5. Matango (1963)

This movie feels slightly overrated these days …although I would like to say I loved it before it became cliché to love it. Or at least would like to make that claim, although have seen publications from before my time confessing their admiration for the movie. While the 1963 film isn’t ground breaking, it’s just well made and sticks with you for the unique portrayal of how society norms can break down in some situations while the Matango mushroom species is thrown into the mix to engage those with a tendency for science fiction.

6. The Return of Godzilla (1984)

My sixth choice tends to rotate I find. For a time it was Godzilla vs. Mechagodzilla (1974) and then the incredible documentary Tokyo Olympiad (1964). However, if I ask myself the question: if I was stuck somewhere for years and could only bring six Toho films, which would make the cut? Well with a question like that I have to side with the first 1980’s Godzilla film. The darker atmosphere of the movie stands out for me, as does the menacing portrayal of Godzilla. One element that really keeps me coming back, though, is the incredible score by Reijiro Koroku.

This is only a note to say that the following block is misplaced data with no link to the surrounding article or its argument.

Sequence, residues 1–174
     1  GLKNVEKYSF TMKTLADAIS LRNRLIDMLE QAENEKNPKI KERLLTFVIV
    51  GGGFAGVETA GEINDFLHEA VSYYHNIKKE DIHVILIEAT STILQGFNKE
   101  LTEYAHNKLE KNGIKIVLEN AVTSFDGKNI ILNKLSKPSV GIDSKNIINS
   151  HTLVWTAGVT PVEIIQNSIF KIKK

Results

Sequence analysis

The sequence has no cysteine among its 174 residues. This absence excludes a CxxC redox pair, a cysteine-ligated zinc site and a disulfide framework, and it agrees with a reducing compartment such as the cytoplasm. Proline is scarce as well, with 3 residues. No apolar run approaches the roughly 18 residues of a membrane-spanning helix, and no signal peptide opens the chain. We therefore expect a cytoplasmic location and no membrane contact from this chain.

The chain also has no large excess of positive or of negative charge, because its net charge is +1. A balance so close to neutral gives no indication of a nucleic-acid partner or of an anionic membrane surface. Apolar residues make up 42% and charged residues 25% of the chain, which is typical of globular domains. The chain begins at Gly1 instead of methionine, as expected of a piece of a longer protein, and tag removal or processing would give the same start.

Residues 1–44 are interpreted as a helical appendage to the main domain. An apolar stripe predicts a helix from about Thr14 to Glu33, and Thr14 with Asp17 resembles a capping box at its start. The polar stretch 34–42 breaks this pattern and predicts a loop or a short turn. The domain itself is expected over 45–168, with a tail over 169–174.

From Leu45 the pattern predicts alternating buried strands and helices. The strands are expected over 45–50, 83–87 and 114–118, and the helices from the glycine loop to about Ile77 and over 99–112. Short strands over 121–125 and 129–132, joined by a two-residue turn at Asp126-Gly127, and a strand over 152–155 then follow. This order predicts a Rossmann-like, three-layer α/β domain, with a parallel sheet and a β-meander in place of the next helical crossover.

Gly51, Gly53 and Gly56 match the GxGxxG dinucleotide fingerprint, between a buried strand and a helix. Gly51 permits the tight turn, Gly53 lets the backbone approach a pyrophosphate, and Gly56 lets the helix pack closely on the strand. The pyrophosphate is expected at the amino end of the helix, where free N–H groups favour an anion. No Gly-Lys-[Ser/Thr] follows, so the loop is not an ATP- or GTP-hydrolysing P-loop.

Joshua Sudomerski’s picks

1. Godzilla 2000: Millennium (1999)

2. The Cat Returns (2002)

3. Gamera 3: Revenge of Iris (1999)

4. Invasion of Astro-Monster (1965)

5. Godzilla vs. Destoroyah (1995)

6. Godzilla vs. Mechagodzilla (1974)

 

Chris Mirjahangir’s picks

1. Godzilla vs. Gigan (1972)

2. Godzilla vs. Mechagodzilla (1974)

3. Terror of Mechagodzilla (1975)